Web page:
I’d go there and say, “I’d like to return this, please.”
 And they’d say, “Why? What’s wrong with it?”
 “It doesn’t fit right,” I’d say. Or “It doesn’t work.” Or “It broke when I tried to install it.”
“Well, if you wore it,” they’d argue, “you can’t return it. It’s got your cooties.” Or “You broke it, you bought it.” Or “You’ll have to return it to the manufacturer.”
And I’d argue back and there’d be a big to-do with cops and sirens and beefy managers trying to escort me from the premises.

Of course that never happened. I never—as best as I recall—had a huge issue returning a product. In fact, in recent years, it’s become incredibly easy. Some stores take things back without a receipt even. Yeah. Easy. Too easy, maybe.

I’m sure Wal-Mart was the driving force behind this change. Once they got their vendors under their thumbs they said, “If your products don’t sell we’ll return them to you,” it was an easy next step to say “We’re sending back all of our damaged merchandise, and while we’re at it, all our customer returns.”

On the face of it, it makes sound business sense. Easy returns build goodwill in customers. And a happy customer in the store will likely buy something else while they are there. As well, vendors no longer have the payroll expense of employees to handle customer issues—not as many, anyway.

And, since it’s so simple to accept returns, the need is not as great for quality. If a customer won’t get a hassle when he returns an item that broke or was mislabeled or had parts missing, he’s not as likely to complain about the shoddy workmanship. Who cares? And certainly making cheaper parts makes it more cost-effective to deal with returns and make the customer happy.

I can’t count the number of times Danika and I have returned products to Home Depot. Not always because there was a fault in the product, but sometimes because we got the wrong item. In fact, we’ve even gotten to the point, at Home Depot, where if, say, we are unsure of the size of something we need, we’ll buy it in a range of sizes and return the ones we don’t want.

Not the point, though. The fact is that easy returns seem to make up for shoddy quality. “No-Hassle” guarantees are supposed to make us feel better about poor workmanship among the trades. And, seriously, if I buy something for two or three bucks and it doesn’t work, am I really going to return it? How likely is that?

We keep buying stuff, keep the economy moving, but to whose benefit? Wal-Mart buys a warehouse full of shitty little widgets that they paid a dime for but sell for $3. Half of them don’t work and they sit in our junk drawers or landfills because we don’t return them and so, in essence, we’re handing over money for nothing.
Not sure where I’m going with this, but I guess you get the point. I think maybe what I’m saying is that this is another place where our society is broken. Two-hundred years ago, if someone built something for you, they stood by it because they had to. They lived in your town. They saw you at church or the store or on the street. They’d hear about it otherwise. They wouldn’t get more business.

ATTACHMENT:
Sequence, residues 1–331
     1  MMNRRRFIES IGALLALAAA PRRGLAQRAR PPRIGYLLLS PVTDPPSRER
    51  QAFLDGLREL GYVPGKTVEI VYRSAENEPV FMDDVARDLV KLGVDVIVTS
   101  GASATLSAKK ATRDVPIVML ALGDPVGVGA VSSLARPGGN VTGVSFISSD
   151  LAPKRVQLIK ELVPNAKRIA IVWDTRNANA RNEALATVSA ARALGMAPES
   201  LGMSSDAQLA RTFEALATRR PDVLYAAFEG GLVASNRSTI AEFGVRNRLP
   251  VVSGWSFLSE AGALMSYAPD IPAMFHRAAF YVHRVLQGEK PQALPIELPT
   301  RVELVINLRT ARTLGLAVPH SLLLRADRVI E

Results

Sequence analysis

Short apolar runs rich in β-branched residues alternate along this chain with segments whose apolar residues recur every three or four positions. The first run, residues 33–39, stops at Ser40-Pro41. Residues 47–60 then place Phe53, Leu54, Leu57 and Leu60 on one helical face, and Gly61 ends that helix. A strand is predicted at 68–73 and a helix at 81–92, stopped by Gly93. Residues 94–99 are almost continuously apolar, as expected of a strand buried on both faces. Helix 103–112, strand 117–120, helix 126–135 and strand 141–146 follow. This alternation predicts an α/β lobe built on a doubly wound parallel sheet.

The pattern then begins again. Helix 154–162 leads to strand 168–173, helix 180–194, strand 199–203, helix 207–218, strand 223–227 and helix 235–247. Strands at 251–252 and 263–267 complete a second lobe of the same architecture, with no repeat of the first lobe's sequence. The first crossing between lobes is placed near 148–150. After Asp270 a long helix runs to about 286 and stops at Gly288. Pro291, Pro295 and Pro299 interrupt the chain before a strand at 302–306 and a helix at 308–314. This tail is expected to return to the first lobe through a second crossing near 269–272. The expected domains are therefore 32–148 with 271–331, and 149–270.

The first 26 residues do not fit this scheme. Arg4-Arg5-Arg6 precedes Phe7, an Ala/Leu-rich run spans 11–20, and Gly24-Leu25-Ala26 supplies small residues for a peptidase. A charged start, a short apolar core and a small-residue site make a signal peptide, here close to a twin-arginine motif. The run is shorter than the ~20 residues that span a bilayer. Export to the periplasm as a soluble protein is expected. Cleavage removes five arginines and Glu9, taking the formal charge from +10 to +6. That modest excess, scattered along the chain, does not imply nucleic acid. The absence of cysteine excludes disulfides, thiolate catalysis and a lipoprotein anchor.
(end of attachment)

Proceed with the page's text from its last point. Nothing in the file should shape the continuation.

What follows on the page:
We consumers are as much to blame as anyone. We demand low cost above quality. We bitch about paying $2.39 a pound for “vine-grown” tomatoes that taste like shit. We want tomatoes that taste like we think we remember them. But we only want to pay prices like we remember. And you can only have one of those. And we go with the latter.

UPDATE: Today (the day after I wrote this) I got to thinking about this idea in relation to food. As with the above, we've traded  quality for convenience. It's convenient to be able to eat an apple year round. It tastes like mushy shit because it's been sitting in a warehouse for months, but you can have apples all year round. It's cheap to buy, but it wasted tons of diesel fuel to ship it from New Zealand or Chile, BUT you can have it all year round. Same thing for tomatoes or other fresh fruits and vegetables.

Monday, August 26, 2013

Le Marriage de Moi

I got engaged this weekend. I'm 55. My fiancee is the woman I've called my 'wife' for pretty much the last 6 years or so, though it's never been legal. The woman I love. We wear rings. We're (re)committed. I refer to her in this blog as La Esposa. She's also known as Danika de la Cruz. She's the woman I talk about when I talk about a breakup a year ago. In fact, it's been about a year since she asked me to move out of the house.

On Saturday we get a joint checking account to pay the bills with, do the grocery shopping. This way it's not just her doing that stuff. That evening she asks me when Fall break is at for the University where I teach. "The eleventh," I say. "Tenth and eleventh of October. Why?"
"This is going to sound a little weird," she says.
"Why?" I ask. "Do you want to get married that weekend?"
"Yeah. I do."

And so it is. We begin the planning. Nothing ostentatious. This will be my third. For her it will be the first she's gone through with, having narrowly missed things about 10 or 12 years ago.

I'm reading back over this and realizing I sound... blase about it all. Not true. I'm thrilled! I'm happy and content and excited about the direction my life has turned in the past year -- though I'm dismayed about the fact that we've not yet sold our house and moved to Colorado.

I've been thinking about it all and what it means. I keep feeling like the Colorado move hasn't happened because we (I) haven't yet accepted the current situation, haven't found happiness in where we are. Haven't come to terms with the greenness of yonder grass.